The conservative Republican from Sumner made headlines in the past for suggesting fewer school shootings would happen if teachers and other workers could carry concealed weapons, and for a tantrum she threw on the Senate floor after someone removed flowers from her desk.
Now Senate leadership is investigating whether Roach created a hostile work environment that led to the departure of two aides on the same day last month.
In addition, the Secretary of the Senate suspended a Roach aide last week for digging up and turning over to Senate officials personal e-mail from the departed aides. That matter was referred to the Legislative Ethics Board.
Senate leaders have met twice to discuss Roach but won't disclose what was said. Both sides indicated yesterday that an agreement may be in the works. "I want to bring this to conclusion," Roach said, adding she wants her name exonerated.
Sen. Don Benton, R-Vancouver, a Roach supporter, says the outspoken senator is an easy target for critics.
"She's being attacked by detractors because she's too honest, too straightforward," he said.
Democratic political consultant Christian Sinderman argues the Roach controversy is about more than a personnel dispute. "Pam Roach has a history of erratic and inappropriate behavior, and this is just the latest and most stark example of why in many ways she's unfit for office," he said.
Sen. Darlene Fairley, D-Lake Forest Park, ranking Democrat on the Senate Ways and Means committee, said Roach has mood swings, but her behavior does not warrant formal Senate action.
In 1999, Senate leaders sent a letter to Roach, urging her to seek counseling, said Lorraine Wojahn, a retired state senator. Roach said she only became aware of the letter recently and asked for a copy; she would not disclose what it said. The Secretary of the Senate has not made the letter public.
The Roach personnel investigation turned into a circus at one point, when an anonymous e-mail was sent out two weeks ago alleging the senator had pulled a gun on one of her former aides.
A pack of reporters, complete with tape recorders and television cameras, showed up at her door and Roach invited the crowd into her small office. She denied the rumor. Asked if she carried a gun on campus, Roach took off her coat, pulled out the tails of her blouse and offered to be patted down.
Then, with television cameras rolling, Roach led the media pack downstairs to confront a Senate worker she thought had spread the allegation. She stopped short of a confrontation.
Since the gun rumors surfaced, a steady stream of reporters has been through her office. Roach has even made the rounds of newspaper offices herself, and started a feud with Senate Majority Leader James West, R-Spokane, by trying to reinstate the aide who was suspended last week. She said West is a bully.
West did not return phone calls yesterday.
Roach's story about the gun rumor has changed over time.
At first she denied there was any instance involving her, a former aide and a gun.
Then she said she did show the aide a handgun when the young woman was living in her house last fall. Then, when asked about a rumor that she pulled a gun in her house when the woman had come home late and Roach may have mistaken her for an intruder, Roach said nothing like that ever happened.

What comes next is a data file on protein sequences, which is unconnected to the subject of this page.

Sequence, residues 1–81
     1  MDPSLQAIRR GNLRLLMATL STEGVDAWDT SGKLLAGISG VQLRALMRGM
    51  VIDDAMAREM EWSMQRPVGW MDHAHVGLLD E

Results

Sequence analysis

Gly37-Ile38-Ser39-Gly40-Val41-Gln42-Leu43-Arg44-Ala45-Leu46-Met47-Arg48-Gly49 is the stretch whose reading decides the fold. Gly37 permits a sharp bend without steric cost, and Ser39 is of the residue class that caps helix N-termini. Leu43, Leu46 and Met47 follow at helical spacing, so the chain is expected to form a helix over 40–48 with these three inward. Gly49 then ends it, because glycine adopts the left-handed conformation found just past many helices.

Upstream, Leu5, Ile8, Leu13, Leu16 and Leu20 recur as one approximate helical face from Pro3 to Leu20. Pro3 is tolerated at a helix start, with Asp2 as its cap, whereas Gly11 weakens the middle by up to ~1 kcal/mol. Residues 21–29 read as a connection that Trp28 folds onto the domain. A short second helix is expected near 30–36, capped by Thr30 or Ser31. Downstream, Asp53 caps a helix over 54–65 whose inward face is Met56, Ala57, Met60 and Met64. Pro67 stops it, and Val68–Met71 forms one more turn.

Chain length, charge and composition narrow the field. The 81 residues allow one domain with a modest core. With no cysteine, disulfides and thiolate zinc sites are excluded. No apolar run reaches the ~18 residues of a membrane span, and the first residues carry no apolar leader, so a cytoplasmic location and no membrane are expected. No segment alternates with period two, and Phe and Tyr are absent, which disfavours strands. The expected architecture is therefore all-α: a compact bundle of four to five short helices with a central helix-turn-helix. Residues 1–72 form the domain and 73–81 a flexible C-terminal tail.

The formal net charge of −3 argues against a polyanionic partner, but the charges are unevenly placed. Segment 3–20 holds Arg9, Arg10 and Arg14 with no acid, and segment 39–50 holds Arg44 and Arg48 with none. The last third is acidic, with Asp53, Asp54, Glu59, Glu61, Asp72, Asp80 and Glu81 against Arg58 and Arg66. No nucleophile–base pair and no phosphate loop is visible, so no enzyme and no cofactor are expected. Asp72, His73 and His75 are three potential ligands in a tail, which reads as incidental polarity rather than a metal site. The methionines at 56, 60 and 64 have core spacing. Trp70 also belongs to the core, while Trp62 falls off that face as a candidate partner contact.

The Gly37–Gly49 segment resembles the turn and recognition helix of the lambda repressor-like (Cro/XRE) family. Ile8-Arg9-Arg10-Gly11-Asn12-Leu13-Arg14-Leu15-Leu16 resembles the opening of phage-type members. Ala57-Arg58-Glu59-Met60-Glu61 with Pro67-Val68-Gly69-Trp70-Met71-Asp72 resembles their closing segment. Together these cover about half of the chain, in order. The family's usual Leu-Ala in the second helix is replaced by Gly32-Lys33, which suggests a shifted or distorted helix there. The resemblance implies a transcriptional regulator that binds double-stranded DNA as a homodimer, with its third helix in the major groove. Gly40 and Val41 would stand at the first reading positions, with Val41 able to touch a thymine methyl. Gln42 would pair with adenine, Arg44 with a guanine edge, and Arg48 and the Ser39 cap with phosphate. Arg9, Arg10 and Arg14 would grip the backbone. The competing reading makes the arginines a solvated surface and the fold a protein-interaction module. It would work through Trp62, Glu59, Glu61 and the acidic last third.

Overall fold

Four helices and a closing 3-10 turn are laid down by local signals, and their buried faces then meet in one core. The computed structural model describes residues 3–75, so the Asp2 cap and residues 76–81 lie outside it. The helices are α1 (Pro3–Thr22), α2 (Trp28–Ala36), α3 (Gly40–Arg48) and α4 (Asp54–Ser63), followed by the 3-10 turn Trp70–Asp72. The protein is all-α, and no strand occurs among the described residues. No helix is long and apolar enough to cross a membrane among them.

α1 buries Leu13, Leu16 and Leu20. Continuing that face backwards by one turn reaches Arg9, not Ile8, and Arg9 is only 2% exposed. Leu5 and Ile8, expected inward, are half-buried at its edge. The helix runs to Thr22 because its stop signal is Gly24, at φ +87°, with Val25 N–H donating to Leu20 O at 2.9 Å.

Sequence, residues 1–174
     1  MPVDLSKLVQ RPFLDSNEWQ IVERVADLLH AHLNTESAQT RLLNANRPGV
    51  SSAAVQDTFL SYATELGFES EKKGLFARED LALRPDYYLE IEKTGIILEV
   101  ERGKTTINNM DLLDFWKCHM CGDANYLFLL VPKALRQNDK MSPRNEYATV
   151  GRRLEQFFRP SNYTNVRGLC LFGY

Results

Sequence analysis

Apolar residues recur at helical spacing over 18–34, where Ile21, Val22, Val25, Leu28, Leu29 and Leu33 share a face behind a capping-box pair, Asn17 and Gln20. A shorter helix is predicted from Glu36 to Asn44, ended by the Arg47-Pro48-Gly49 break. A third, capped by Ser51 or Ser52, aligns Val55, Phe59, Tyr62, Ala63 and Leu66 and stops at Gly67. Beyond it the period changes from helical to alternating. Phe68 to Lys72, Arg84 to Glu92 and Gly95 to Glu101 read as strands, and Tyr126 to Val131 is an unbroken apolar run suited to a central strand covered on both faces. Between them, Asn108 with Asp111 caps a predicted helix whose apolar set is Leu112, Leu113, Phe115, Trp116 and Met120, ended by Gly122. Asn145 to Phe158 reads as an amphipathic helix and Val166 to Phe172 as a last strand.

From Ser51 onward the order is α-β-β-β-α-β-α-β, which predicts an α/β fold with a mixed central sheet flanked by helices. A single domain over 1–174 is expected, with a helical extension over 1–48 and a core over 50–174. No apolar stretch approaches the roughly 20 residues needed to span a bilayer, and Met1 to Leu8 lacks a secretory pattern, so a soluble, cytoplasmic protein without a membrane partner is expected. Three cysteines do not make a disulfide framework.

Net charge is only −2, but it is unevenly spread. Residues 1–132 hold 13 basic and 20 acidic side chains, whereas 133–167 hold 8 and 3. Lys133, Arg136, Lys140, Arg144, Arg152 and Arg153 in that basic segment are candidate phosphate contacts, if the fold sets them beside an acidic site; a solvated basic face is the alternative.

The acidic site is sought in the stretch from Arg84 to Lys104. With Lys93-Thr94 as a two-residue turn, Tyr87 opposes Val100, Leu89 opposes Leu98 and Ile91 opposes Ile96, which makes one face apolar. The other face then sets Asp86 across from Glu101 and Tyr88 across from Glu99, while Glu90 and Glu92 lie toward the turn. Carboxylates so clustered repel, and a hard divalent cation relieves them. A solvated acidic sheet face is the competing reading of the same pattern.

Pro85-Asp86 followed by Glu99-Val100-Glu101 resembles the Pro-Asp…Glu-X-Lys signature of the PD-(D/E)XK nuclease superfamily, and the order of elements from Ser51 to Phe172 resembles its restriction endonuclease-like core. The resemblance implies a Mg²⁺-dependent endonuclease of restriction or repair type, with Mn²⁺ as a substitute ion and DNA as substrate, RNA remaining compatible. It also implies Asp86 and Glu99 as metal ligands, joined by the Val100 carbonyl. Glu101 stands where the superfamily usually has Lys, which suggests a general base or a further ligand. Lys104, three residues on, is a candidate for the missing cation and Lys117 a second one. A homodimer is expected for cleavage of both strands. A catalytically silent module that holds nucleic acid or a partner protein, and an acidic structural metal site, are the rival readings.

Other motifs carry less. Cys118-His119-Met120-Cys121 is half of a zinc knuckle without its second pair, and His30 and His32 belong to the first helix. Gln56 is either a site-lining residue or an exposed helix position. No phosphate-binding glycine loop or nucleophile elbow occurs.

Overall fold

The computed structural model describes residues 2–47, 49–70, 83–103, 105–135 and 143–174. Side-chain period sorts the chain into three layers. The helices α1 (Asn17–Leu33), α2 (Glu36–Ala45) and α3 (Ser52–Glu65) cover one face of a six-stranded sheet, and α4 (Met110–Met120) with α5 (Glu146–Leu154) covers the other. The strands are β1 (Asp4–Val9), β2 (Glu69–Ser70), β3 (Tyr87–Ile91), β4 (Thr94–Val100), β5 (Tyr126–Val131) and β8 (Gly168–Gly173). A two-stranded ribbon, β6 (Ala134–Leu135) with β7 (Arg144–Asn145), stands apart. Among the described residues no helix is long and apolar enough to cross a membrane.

Then she said that it had, indeed, happened. Her daughter-in-law had reminded her.
Now she says it never happened. "I never had a gun in hand. She knew I had a gun in the house. She came in late at night and I said 'Tabitha,' like that. It was kind of a cheerful thing. The next day we laughed about that."
Roach says the gun rumor found a ready audience because she's known for marksmanship and has won shooting competitions.
Roach was elected to the Senate in 1990 and is chairwoman of the Government Operations and Elections Committee.
Benton said outspoken lawmakers such as Roach are vulnerable to attacks.
"Those of us who are aggressive, high strung and passionate are easy targets," he said. "She'll tell you what she thinks and some people don't like that. They view brutal honesty as being abrasive when in fact it's just honesty."
Roach said some find her offensive because she's a woman who speaks her mind. "If you are a woman and you raise your voice slightly, you are considered shrill," she said.
With men, it's not an issue, Roach said.
She compared her outburst in 1998 about flowers being removed from her desk to former Sen. Sid Snyder, D-Long Beach, resigning in a huff in 1997 after he lost a fight with the Republicans who controlled the Senate at the time. He later came back to the Senate, one week after quitting.
"His response to not being able to make a rule change was to quit," Roach said. "He gave a big speech. He yelled, he was red in the face, then he packed up and quit."
Roach contends Snyder was treated more favorably by the media than she was after complaining about flowers being taken from her desk.
In her now famous "flower" speech on the Senate floor, Roach said: "My flowers were not on the desk when I came in here today, and nobody asked me if they could pick up and move them ... I'm incensed that anyone would move or touch anything on a senator's desk. I want to find out who took my flowers and moved them, and I intend to take action."
Chris Vance, state Republican Party chairman, said that while Roach may be the subject of gossip in Olympia, the controversy is not hurting the Republican Party.
"People are not walking around malls and restaurants talking about Pam Roach. They're talking about war and the stock market."
Andrew Garber: 360-943-9882 or email@example.com. Seattle Times staff reporter David Postman contributed to this report.